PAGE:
The first two games in the group were a glowing testament of Maradona’s successful return as his stunning collaboration with the golden generation of Argentina’s football promised a third championship, but things suddenly fell apart in Boston when after the game with Nigeria a nurse stepped into the field out of the blue and demanded Maradona, of all other players to conduct a doping test. What followed was a disturbing series of events that to this day is a topic of controversy in football world. Maradona whose intent to make a comeback was best seen in his vengeful body language after scoring a goal against Greece was accused of having a cocktail of drugs in his system. The second report coming from UCLA within 24 hours confirmed unlawful dosage of ephedrine and FIFA quickly voted him out of the competition, putting the football world in shock and the Argentinian team in a complete disarray. The president of the Argentinian football federation Julio Grondona, swiftly collaborated with FIFA in removing Maradona from the camp before their third game with Bulgaria, however Maradona insisted on having a press meeting to explain himself. (Video)  Despite persisting to be innocent and claiming to be unaware of any illegal substance use, other than what the team doctor had prescribed for him, Maradona was pushed to leave the US with the first flight. A disoriented Albiceleste, as a result lost their next two games and were out of the competition in a sheer chaos, which pawed the way for the not terribly talented Italy and Brazil to conduct a goalless final in Rose Bowl, Pasadena leading to a penalty shootout, that saw Brazil as the winner.

And so the world witnessed the US then Vice President Al Gore handing the world cup to Brazilian captain, as Blatter and Havelange clapped the success of their achievements. Only a mind with a full understanding of Maradona’s capabilities, the global politics and worldwide popularity of football can imagine what scenarios could unfold had an uncontrollable Maradona been able to reach that same spot that the Brazilian captain Dunga was standing.

It goes without saying that having an uncontrollable maniac, raising the world cup on American soil during the most viewed event of the world, while the American leaders were clapping for him could have led to the most disastrous PR meltdown for the United States in history, the impact of which would have travelled much further than the highly politicized match of the century in Reykjavik, between the American Bobby Fischer and Russian Boris Spassky in 1972 or the entire space race between the two superpowers of the cold war era. In this case, a global icon of antiestablishment, who had spent months with Fidel Castro, the most celebrated critic of the US and a global champion of anti-imperialism, were to rise the World Cup in America, the only superpower of the planet! And if you thought that Maradona would let this opportunity go out of hand, then you obviously don’t know him.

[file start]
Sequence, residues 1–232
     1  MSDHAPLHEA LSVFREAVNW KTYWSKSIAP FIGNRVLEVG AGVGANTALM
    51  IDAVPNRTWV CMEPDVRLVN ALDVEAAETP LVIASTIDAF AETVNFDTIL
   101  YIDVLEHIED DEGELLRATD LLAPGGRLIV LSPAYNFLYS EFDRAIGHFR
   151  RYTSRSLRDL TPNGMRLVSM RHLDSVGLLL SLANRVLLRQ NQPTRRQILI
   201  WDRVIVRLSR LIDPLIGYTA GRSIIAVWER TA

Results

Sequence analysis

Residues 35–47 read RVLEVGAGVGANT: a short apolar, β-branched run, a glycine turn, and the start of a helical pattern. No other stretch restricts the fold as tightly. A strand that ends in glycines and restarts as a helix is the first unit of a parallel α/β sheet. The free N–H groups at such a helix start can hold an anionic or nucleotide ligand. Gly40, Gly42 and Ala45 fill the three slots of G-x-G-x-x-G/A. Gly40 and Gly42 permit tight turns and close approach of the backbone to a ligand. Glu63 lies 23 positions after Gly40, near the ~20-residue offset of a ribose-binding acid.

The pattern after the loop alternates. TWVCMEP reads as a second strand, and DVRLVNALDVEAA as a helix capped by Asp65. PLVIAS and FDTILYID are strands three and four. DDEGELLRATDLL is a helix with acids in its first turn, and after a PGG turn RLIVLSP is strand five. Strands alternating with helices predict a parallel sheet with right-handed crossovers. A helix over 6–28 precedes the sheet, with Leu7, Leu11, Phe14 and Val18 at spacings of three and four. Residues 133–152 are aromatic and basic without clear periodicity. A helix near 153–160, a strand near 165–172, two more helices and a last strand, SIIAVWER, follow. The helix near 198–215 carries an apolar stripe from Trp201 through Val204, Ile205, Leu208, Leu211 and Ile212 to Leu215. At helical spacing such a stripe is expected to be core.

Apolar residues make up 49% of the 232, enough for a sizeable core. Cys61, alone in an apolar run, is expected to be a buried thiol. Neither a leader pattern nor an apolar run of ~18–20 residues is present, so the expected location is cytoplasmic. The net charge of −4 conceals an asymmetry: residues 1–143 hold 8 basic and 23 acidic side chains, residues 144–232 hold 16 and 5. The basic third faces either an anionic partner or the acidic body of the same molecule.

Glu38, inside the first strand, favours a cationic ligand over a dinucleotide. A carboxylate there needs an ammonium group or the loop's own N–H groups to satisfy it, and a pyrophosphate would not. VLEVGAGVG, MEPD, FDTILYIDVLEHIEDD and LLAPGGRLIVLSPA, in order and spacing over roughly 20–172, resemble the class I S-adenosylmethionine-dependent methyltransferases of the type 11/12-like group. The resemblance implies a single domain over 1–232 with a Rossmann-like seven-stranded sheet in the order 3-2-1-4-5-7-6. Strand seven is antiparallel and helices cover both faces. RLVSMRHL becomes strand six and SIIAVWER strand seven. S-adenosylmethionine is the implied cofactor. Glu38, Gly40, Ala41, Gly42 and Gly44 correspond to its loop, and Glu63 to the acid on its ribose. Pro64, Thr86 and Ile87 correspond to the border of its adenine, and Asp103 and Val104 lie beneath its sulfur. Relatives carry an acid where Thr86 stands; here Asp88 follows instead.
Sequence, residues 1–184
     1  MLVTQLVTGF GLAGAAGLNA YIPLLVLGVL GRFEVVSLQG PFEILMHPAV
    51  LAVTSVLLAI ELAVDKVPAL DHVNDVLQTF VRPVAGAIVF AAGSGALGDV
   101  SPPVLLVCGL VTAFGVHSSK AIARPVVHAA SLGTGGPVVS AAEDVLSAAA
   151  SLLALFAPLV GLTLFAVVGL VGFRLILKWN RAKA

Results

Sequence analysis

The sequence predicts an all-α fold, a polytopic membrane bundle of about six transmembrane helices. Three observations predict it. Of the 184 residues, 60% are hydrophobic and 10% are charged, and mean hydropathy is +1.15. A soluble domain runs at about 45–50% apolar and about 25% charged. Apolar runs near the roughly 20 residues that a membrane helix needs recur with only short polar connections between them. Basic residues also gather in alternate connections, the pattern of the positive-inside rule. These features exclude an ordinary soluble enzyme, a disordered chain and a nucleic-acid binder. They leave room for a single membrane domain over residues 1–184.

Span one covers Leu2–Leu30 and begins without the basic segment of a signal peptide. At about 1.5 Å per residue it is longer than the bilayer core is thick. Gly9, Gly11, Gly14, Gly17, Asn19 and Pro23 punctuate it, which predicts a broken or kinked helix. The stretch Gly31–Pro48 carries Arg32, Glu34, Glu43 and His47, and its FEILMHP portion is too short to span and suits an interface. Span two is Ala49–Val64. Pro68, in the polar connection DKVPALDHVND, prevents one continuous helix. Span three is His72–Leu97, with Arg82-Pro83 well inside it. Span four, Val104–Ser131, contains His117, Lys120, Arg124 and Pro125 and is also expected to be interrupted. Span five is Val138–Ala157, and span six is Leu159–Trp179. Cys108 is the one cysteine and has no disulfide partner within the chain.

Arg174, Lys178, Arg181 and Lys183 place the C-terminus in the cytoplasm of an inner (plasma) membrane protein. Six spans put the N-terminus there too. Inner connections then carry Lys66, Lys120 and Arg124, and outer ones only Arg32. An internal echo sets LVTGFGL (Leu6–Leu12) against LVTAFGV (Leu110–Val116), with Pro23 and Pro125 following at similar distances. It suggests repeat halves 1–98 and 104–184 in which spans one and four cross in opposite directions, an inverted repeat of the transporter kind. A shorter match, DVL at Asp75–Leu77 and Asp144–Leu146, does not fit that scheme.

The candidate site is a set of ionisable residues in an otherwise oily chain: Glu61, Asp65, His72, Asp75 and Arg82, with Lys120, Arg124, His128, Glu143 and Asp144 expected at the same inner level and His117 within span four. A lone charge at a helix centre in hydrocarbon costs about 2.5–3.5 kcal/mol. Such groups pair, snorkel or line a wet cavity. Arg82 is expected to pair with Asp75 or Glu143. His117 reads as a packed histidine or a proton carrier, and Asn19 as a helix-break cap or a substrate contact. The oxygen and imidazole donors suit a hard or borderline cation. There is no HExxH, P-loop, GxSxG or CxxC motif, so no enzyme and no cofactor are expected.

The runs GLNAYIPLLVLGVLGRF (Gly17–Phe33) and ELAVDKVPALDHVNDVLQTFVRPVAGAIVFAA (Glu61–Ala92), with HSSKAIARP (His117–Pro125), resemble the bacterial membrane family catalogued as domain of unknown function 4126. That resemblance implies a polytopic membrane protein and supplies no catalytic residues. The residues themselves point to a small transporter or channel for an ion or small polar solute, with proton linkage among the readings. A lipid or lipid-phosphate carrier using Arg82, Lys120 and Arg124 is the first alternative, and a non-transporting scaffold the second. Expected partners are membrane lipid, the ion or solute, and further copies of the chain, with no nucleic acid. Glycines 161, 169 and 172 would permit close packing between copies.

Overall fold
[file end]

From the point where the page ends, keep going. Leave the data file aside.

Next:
What happened behind the curtains after the game against Nigeria was not easy to understand. The forces that removed Maradona from the picture were powerful people at that time. Besides occupying principal roles in the highest positions of their respective federations, Grondona, Blatter and Havelange were also fierce businessmen who had strong ties with major global marketing firms and were involved with illegal fund transfers across continents. To go against their narrative meant to jeopardize one’s own position and in some cases safety. As a result the media conveyed the inscribed narrative and no one spoke up against it except for Maradona himself who was entirely subdued, since on top of being a cheat, he was also labeled as a frantic noisemaker with a history of drug and alcohol abuse. It was only recently and after the death of Havelanje and Grondona, that the news of their organized corruption, bribery and racketeering was publicized, leading to more accusations against Blatter, that eventually led to his resignation as FIFA president. The new revelations inspired Argentina’s then coach Alphio Bazil and Maradona’s playmates to disclose new evidence, that proved the whole Doping accusation to be a scam.

In a recent interview with Argentinian sports channel TYC the head coach of the national team describes that he had taken a surprise antidoping test from all players already and every single one of his players including Maradona were clean. In this interview Basil, a veteran and popular Argentinian sports figure blames Havelange for screwing Argentinians unlawfully. Oscar Ruggeri, another Veteran Argentinian player who replaced Maradona as the captain upon his removal also recently claimed in another interview, that the entire doping scandal was a scam to keep Maradona and Argentina away from the final. According to Ruggeri, Grondona follows Havelange’s orders to save his own face. In another May 2020 interview, the respected Argentinian striker Abel Balbo, also a Maradona teammate describes the events of the 1994 World cup a complete scam: ” Everything that happened with Diego was a boycott, Argentina bothered them and they could not allow us to be world champion especially with Maradona as a captain . It was all very strange, Diego was always very sincere with us, he was doing things well. “The way in which all that outcome took place is also what makes Balbo doubt how that story happened: “How they went to look for him and led him by the hand, they put up a whole show. It was the only time in history that A nurse goes to look for a player on the pitch. Later, and as time went by, they accepted that everything was quite dirty at FIFA, ”